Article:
This report on foreign policy and the 2016 election merits a few comments:
The 2016 presidential campaign has thoroughly scrambled traditional positions on foreign policy and international intervention, obliterating many of the usual partisan distinctions and presenting political challenges for whoever wins in November.
It is true that Clinton is clearly the more interventionist and aggressive candidate in this election, but then this has been perfectly clear for at least the last six months. Notably, Clinton’s much more aggressive foreign policy received little coverage during the Democratic primaries, and it has received even less during the general election. Instead of commentary emphasizing her reliable hawkishness, we have usually been treated to many attempts to deny the obvious and spin Clinton as something other than a consistent hawk. Now that the campaign is almost over and Clinton’s victory seems likely, we are suddenly hearing about her plans for a much more aggressive international posture.
The article continues:
If she wins, a senior adviser said, Mrs. Clinton, before her inauguration, would pressure Europe to renew sanctions against Russia, which expire in December. Aides say she also will take a more aggressive posture than the Obama administration in Syria, work to impose a no-fly zone, and will consider new sanctions on Iran [bold mine-DL], despite Tehran’s threat to pull out of a new nuclear agreement if she does.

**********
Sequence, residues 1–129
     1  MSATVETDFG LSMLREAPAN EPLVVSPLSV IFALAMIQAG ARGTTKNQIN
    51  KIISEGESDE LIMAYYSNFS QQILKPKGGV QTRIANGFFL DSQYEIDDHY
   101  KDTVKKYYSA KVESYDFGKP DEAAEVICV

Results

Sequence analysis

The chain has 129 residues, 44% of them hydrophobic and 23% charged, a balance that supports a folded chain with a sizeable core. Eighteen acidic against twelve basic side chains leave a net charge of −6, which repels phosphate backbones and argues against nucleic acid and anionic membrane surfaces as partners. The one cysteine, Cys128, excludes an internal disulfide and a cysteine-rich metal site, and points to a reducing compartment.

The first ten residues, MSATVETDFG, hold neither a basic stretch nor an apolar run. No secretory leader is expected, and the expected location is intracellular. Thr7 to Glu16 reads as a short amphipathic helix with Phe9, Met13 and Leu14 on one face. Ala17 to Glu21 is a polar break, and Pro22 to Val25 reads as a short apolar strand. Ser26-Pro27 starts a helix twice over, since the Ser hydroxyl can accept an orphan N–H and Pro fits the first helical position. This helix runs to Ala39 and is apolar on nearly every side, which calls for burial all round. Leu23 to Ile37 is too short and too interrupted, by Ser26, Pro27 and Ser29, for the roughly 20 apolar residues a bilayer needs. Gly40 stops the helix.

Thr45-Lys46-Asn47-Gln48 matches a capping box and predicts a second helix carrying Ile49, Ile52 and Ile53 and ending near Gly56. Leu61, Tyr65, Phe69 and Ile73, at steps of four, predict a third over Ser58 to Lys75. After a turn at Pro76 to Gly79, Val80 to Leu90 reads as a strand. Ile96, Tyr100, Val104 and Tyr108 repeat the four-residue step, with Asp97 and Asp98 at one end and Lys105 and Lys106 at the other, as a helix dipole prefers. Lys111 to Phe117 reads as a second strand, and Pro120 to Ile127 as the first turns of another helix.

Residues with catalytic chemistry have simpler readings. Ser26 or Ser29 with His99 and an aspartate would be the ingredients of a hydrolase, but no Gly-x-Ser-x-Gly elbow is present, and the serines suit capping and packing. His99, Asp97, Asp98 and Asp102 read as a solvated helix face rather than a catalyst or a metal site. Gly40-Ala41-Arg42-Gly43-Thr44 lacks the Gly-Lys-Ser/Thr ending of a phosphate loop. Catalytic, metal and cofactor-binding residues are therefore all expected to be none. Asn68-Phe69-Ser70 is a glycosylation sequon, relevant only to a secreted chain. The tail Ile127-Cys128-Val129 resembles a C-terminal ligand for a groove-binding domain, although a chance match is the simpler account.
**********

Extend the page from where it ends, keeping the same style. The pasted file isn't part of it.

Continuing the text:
Note that these are not charges coming from the opposing camp. These are things that Clinton’s allies are happy to confirm. On every front, she is opting for more aggressive measures or confrontation of some kind, and we know this because people from her campaign are telling us so. The detail about supporting more sanctions on Iran is a particularly troubling one. Clinton has publicly endorsed the nuclear deal, but she was always at most a grudging supporter of the negotiations that led to the agreement and reportedly favored additional sanctions while the talks were happening. If one of the first things Clinton does is to pursue new sanctions on Iran, it is possible that she will succeed in sabotaging the deal where its many Congressional opponents failed.